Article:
Artwork for Sale
Low Tide (recto); Portrait of a Young Woman (verso), 1940 (circa)
Inscriptionssigned, 'ANNE SAVAGE' (bottom left)
ProvenancePrivate collection, Montreal
Savage's appreciation of the Canadian landscape is known to have developed in part after her family moved to a farm in Dorval, then a rural community and today a suburban neighbourhood on Montreal's West Island. In 1911, the Savage family also purchased a property at Lake Wonish, in the Laurentians near Morin Heights. In the summers the Savage family would visit Metis, on the south shore of the St. Lawrence river near the Gaspe Peninsula.
Low Tide is among the finest paintings by Anne Savage. It's complex, intricate (not to be confused with lacking boldness!), and modern for its day. One senses a relationship in this work to the dock littler and intimate advanced landscapes by her artist colleague and fellow art teacher Arthur Lismer. On the reverse is a mostly finished portrait of a young woman, one that, it has to be said, might have been a marvellous accomplishment in its own right.
Savage excelled at art in high school, and in 1914 she began classes with Maurice Cullen and William Brymner at the Art Association of Montreal (AAM). Cullen, who had exhibited in the French Salons as early as 1894, would be a significant inspiration for the Group of Seven and other Canadian artists searching for a uniquely Canadian interpretation of the landscape. At the AAM Savage also met many of the other artists who would become associated with the Beaver Hall Hill Group. She would herself become a lifelong teacher.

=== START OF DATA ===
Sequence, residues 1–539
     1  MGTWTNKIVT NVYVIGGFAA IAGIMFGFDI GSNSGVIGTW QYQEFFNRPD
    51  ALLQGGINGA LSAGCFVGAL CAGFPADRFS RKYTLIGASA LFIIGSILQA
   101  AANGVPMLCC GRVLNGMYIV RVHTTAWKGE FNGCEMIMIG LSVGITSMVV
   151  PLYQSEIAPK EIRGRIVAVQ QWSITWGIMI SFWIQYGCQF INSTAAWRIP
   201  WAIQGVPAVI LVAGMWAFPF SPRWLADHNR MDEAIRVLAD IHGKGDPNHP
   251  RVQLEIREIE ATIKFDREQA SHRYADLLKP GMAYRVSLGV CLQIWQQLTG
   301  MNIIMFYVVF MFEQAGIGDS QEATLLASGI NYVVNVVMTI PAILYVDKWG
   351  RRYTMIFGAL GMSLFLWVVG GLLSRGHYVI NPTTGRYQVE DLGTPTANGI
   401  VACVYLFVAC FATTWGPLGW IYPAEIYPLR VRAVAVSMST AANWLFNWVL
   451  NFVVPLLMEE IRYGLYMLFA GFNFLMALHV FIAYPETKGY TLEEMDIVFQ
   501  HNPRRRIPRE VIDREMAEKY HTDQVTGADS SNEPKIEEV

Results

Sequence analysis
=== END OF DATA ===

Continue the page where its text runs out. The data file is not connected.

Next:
Savage would return frequently to Metis as an adult, as she did when she drew the inspiration for this work. Her legacy as one of the original artists of the Beaver Hall Hill Group is arguably exceeded by her contribution to the circle of friendship and encouragement that endured for decades afterwards. Barbara Meadowcroft wrote:
"Friendships formed during Brymner's classes were rekindled on Beaver Hall Hill. And years after the studios were abandoned, the women continued to work together. They encouraged each other, shared news of art exhibitions, and offered constructive criticism of each other's work. At a time when women were having difficulty breaking into the predominantly male art world, they formed a valuable network."
Paintings by Anne Savage were included in the British Empire Exhibitions at Wembley, England in 1924 and 1925. She went on to become a founding member of the Canadian Group of Painters in 1933 and remained involved in teaching through the 1950s. Her paintings are in the collections of the National Gallery of Canada, The Montreal Museum of Fine Arts, and the Musée national des beaux-arts du Québec, to name a selection.
“Retrospective Exhibition September 12 -26, 1992: Anne Savage (1896-1971)”. La Galerie Walter Klinkhoff., p. 6.